JACKSONVILLE, Fla., Nov. 21, 2016 /PRNewswire-USNewswire/ -- As an 11-year Army veteran who served two tours in Iraq, Yvette Francis was certainly familiar with Wounded Warrior Project ® (WWP). In fact, she had crossed paths with the organization more than once.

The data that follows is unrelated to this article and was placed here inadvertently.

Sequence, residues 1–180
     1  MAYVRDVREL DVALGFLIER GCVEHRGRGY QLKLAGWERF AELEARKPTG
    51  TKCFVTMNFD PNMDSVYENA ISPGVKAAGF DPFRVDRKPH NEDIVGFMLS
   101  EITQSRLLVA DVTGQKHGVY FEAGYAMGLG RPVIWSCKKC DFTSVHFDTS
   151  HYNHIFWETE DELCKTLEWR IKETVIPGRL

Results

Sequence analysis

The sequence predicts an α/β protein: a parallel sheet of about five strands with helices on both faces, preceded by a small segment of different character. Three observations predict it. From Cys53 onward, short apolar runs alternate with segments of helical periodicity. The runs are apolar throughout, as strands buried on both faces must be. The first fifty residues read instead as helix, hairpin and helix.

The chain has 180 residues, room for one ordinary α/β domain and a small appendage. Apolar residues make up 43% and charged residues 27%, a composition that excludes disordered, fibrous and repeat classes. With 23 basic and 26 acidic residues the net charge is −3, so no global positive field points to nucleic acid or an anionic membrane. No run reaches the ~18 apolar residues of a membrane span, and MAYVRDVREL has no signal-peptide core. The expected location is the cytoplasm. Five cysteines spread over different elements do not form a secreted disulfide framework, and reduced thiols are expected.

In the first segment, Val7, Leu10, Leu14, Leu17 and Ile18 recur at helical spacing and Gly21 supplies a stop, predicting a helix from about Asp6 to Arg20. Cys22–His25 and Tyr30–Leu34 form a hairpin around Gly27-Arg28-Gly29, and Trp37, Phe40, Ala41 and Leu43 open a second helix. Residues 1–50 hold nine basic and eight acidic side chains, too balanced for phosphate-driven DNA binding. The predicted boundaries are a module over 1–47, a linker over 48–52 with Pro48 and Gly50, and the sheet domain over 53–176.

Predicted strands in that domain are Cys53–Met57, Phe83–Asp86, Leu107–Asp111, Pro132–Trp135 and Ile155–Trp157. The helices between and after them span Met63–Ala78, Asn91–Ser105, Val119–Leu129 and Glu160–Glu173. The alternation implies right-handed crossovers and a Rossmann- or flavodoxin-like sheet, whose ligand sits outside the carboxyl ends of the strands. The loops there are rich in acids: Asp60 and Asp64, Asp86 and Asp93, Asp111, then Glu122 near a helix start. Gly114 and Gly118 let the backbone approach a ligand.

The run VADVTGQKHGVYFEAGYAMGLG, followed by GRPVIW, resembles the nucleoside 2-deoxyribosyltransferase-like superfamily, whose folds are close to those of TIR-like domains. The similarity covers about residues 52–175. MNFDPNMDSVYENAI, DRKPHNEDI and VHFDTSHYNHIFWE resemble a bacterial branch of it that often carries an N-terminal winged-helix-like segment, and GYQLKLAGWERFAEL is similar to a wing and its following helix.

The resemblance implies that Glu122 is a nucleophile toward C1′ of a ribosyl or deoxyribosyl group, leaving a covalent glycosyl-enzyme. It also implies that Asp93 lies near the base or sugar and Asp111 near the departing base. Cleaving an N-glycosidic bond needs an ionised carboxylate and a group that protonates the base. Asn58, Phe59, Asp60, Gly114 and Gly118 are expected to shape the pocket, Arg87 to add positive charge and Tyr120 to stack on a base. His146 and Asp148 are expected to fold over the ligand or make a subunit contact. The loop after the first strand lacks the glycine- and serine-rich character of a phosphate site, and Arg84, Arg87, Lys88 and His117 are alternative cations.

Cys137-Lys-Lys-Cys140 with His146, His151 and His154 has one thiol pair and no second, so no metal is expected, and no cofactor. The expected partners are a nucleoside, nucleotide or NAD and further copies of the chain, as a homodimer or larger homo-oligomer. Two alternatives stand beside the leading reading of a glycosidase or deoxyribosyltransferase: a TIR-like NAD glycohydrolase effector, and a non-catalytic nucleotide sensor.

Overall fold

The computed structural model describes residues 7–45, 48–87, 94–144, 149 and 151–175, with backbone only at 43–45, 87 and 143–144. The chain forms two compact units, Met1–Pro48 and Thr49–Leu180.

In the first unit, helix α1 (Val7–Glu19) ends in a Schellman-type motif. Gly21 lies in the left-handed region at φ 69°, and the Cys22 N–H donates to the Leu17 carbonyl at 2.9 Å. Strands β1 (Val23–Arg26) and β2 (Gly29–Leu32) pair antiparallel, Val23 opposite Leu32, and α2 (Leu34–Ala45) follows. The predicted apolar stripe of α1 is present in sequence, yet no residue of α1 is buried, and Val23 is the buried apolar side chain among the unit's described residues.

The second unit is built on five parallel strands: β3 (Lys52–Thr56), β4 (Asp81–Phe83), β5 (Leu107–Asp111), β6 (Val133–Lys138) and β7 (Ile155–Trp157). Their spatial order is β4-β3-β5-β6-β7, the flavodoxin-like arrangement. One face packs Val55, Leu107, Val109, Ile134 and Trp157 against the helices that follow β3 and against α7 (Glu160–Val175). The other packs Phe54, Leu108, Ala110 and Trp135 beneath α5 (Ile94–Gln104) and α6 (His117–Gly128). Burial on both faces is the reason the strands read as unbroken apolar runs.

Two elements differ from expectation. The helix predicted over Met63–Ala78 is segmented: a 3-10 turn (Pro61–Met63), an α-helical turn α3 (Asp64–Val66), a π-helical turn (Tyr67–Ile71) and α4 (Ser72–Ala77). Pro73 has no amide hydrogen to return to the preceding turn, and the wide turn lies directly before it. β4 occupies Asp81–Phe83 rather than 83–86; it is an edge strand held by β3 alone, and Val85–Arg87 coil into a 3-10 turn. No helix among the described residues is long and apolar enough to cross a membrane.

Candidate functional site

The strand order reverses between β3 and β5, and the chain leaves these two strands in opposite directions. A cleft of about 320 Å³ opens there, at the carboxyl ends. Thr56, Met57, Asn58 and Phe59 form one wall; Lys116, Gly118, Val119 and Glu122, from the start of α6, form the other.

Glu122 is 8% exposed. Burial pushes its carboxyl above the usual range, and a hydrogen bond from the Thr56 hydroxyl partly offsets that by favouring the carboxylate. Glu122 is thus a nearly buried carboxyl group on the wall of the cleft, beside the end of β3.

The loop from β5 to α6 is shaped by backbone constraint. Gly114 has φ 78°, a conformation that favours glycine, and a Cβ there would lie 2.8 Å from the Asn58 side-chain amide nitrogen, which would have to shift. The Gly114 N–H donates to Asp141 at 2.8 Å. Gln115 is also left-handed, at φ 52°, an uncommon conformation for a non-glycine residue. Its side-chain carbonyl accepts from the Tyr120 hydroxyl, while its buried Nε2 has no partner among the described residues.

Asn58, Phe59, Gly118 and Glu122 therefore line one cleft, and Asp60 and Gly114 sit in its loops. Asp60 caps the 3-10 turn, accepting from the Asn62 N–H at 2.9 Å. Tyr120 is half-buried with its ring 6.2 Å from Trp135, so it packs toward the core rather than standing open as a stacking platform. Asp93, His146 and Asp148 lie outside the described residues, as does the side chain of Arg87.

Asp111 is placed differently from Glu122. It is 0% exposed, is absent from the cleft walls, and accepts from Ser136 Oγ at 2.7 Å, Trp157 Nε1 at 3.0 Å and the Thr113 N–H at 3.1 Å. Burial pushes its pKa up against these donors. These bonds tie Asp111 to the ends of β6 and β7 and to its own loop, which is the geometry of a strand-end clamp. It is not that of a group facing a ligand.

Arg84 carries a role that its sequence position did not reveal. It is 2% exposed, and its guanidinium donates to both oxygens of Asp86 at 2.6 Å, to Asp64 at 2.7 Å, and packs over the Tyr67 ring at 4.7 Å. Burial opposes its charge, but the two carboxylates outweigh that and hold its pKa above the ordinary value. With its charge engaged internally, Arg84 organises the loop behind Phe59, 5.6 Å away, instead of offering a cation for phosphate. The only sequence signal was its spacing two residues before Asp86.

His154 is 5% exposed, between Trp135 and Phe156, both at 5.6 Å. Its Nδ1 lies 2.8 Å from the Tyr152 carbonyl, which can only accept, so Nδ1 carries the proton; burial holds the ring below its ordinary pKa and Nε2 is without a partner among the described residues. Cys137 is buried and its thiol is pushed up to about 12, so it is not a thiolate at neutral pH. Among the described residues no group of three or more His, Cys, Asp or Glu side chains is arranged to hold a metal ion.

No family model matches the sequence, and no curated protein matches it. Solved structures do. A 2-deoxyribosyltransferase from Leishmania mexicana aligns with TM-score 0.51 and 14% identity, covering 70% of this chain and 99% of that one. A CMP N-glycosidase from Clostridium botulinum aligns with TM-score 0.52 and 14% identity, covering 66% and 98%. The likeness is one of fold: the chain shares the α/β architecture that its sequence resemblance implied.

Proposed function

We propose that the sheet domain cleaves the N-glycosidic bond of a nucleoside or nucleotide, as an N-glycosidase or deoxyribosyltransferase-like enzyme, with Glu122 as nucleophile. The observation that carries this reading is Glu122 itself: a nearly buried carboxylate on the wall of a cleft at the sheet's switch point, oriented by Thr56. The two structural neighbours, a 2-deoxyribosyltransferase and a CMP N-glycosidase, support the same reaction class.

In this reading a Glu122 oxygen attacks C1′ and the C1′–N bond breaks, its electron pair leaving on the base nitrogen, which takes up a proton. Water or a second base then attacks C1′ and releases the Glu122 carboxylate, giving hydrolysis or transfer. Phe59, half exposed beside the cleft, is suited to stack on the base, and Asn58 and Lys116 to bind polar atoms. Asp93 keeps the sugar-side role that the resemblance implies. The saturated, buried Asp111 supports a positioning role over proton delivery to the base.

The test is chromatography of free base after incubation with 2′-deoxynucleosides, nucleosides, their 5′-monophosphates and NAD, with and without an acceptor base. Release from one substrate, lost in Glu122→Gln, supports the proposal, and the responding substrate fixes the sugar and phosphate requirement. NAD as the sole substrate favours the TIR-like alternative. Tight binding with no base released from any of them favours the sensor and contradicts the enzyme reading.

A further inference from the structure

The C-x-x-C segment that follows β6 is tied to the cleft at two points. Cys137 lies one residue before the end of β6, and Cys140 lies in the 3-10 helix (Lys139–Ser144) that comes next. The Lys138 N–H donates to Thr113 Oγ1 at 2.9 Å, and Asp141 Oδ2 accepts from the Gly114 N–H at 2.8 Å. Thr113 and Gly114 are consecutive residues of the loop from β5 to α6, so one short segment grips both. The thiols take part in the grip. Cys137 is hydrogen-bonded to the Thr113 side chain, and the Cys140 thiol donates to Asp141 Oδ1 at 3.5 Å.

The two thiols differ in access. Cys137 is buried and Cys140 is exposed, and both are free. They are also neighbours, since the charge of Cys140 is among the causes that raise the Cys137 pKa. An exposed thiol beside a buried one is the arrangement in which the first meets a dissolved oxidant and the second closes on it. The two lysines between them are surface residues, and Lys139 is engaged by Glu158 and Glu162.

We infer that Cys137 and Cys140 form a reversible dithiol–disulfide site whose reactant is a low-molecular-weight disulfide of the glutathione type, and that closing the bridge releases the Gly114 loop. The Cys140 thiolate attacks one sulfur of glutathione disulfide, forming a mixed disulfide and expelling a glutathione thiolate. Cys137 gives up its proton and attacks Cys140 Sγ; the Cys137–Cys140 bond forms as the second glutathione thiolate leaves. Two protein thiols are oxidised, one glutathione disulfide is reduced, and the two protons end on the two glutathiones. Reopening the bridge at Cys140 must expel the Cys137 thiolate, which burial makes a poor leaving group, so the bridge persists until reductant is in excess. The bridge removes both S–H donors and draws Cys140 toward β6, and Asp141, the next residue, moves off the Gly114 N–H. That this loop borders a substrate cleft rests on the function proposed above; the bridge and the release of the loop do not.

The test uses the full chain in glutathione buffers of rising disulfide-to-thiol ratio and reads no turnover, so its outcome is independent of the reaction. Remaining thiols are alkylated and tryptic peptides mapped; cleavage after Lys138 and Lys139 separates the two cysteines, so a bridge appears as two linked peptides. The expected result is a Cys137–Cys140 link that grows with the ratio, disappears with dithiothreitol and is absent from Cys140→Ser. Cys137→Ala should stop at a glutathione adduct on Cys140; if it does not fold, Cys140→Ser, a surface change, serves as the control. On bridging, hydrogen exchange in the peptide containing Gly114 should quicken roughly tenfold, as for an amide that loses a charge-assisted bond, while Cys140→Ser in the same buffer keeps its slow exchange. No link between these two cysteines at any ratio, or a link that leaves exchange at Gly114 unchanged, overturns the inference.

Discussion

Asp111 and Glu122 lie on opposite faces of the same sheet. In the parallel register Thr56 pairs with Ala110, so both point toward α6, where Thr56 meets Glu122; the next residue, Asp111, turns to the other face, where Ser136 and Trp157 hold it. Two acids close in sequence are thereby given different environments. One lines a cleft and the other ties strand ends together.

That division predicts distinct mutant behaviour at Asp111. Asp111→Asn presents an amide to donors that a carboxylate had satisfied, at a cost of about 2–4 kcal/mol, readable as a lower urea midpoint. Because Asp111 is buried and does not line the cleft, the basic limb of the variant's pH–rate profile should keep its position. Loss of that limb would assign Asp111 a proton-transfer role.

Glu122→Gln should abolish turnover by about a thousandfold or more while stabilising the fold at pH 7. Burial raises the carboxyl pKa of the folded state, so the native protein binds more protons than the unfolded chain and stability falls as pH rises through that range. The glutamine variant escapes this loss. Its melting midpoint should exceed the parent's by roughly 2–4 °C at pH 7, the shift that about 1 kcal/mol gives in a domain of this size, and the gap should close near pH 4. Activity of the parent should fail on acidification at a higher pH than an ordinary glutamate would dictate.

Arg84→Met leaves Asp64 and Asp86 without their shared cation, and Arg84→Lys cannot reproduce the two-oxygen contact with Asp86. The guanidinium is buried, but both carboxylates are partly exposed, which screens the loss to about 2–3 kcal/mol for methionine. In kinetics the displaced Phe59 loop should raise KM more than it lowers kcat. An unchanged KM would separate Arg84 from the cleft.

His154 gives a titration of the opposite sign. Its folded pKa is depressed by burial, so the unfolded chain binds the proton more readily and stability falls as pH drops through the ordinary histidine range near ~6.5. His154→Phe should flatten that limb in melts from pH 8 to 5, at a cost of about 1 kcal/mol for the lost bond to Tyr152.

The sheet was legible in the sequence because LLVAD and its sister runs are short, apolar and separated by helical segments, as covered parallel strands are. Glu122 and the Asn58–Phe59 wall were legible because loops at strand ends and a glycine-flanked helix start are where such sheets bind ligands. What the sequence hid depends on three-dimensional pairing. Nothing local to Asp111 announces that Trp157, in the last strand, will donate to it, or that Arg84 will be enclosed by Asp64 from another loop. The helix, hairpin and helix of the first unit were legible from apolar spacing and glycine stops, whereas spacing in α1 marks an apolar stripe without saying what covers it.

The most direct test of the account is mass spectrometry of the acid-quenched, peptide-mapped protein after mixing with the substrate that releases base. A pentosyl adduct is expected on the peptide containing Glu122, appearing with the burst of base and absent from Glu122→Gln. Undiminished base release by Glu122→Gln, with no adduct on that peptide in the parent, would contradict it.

"I was first told about Wounded Warrior Project back in 2009 when I returned home from Iraq the second time," she said. "I remember getting a pretty shirt, but I figured the organization was probably just something for people who are still in the military. I didn't take it seriously." When her out-processing was completed, Yvette left Fort Rucker - where she served in an aviation unit - and headed to Savannah, Georgia. There she reconnected with a friend who is a fellow service member. While catching up, he suggested a group he felt could help her transition to civilian life. "He said I should go ahead and finish registering with Wounded Warrior Project - that there was a lot their staff could do to help me out," Yvette said. "I told him 'sure, not a problem,' but again, I didn't think much about it." Yvette relocated to Jacksonville in 2014. In September of that year, she decided to explore her post-military career options at a local job fair. Striking up a conversation with a representative from CSX ® Transportation, she noticed a pin on his shirt in the shape of one soldier carrying another - the unmistakable logo of WWP. "I asked him if he was part of Wounded Warrior Project," Yvette recalled. "He said he was and explained how it helped him. I told him about my time in the service - how I had deployed and gotten injured. He told me I should really take the initiative and reach out to the veterans service organization."